When we create transactions on the Bitcoin network, it might be tempting to assume that since we’re using a cryptocurrency, we are totally secure in transferring money to another party.
In the world of cybersecurity, there is a token acronym to express security – CIA. No, this isn’t referring to the federal agency in the USA – instead CIA refers to confidentiality, integrity, and availability.
- Confidentiality expresses the “typical” definition of security – what you send to another party or store on your computer can only be revealed to those whom you choose and no one else.
- Integrity expresses the idea that any message you send should end up exactly same wherever it goes – it shouldn’t be altered en route.
- Availability expresses a definition of security meaning that a system/user should be able to access or contact another system/user when desired (i.e., a distributed denial of service (DDoS) attack would threaten availability).
So, from a cryptocurrency perspective, we are secure using Bitcoin, right? Our transactions are encrypted and protected against modification, and the network can’t possibly go down since it’s so decentralized – we must be completely secure!
Using only the three factors above, it’s pretty clear that our use of the Bitcoin network is pretty secure. But let’s expand our meaning of confidentiality by taking a look from a tangential perspective – are you confidential using Bitcoin?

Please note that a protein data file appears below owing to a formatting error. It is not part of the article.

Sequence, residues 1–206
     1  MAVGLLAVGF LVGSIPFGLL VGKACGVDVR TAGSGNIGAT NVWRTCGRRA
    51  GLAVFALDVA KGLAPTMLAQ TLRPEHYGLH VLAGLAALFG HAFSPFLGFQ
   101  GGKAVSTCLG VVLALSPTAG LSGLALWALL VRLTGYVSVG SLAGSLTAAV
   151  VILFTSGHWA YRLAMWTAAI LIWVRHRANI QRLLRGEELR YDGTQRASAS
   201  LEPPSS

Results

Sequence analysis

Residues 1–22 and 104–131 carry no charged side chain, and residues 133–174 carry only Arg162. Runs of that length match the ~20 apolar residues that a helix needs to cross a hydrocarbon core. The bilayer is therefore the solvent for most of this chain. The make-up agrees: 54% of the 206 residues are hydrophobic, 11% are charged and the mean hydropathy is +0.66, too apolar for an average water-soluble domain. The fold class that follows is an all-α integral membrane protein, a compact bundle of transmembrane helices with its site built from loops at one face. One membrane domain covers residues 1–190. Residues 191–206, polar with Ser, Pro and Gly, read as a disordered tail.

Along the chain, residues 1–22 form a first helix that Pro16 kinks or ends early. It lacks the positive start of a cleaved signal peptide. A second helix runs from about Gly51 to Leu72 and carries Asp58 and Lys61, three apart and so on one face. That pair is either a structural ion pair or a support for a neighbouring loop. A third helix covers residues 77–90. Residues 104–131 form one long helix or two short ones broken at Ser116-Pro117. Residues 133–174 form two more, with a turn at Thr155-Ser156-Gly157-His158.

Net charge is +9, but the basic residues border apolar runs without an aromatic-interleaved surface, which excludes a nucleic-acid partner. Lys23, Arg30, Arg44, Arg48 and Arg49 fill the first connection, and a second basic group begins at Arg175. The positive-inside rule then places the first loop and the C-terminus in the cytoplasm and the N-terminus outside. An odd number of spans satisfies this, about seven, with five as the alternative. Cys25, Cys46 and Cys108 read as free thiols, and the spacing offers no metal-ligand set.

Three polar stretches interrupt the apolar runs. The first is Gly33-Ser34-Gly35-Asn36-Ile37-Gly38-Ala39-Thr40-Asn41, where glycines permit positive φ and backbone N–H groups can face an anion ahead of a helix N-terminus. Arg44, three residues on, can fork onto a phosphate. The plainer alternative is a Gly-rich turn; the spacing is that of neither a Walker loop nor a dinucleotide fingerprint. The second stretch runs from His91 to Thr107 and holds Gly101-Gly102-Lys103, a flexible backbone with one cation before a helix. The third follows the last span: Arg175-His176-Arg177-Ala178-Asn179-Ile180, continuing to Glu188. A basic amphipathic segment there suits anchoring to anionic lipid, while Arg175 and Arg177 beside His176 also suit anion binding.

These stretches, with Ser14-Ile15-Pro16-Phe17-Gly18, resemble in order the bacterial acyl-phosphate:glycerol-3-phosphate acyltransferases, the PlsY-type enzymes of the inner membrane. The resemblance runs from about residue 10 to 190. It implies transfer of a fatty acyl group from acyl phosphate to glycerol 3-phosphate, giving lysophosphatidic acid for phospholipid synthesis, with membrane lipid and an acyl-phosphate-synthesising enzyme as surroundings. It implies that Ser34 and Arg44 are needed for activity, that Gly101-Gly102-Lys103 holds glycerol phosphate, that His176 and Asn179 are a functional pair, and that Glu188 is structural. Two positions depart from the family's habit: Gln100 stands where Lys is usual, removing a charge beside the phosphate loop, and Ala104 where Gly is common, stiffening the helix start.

Let’s rephrase it – are you as a person, not the data you’re sending, confidential? Can someone find out more information about you, such as where you live, how much bitcoin you’ve sent, how often you use the network, who you’ve paid in the past… The answer might seem counter intuitive, but these are definitely not outside the realm of discovery. (Quick aside: from a legal standpoint, privacy and confidentiality are technically different; however, they cover very similar notions in “common speak”, so we will use the terms interchangeably here and provide a link below if you want to know how lawyers use the terms).
Time to dive into the details. First, when you use a computer on a network (i.e., the Internet in this case), your computer has an IP address. It’s either a 32-bit or 128-bit identifier that tells the receive to whom they should respond. For example, let’s say your computer is located at 17.xx.yy.zz and you’re trying to talk to 20.xx.yy.zz (fake addresses used for privacy). Did you know that from this simple information above you can find out that a corporate device owned by Apple is attempting to make a call to a device at Microsoft? (Check this out for a reason why).
IP Address Gives You Away
Why this matters – your computer has an IP address, and when you “talk” to someone on the Bitcoin network, it is possible to find out your IP and even log every time your IP address has attempted a connection. Your telco (Verizon, Cox, Charter, CenturyLink…) is assigned specific addresses and divvies those out to its customers. Given a date and an address, the telco could discover who (at least which router in a household or business) attempted a specific connection. Can you possibly get around this? Sure, there are potential ways (VPNs, proxies, and Tor among others), but there is no way to not have an IP address associated with your connection. Short answer: it can increase anonymity but is not bulletproof.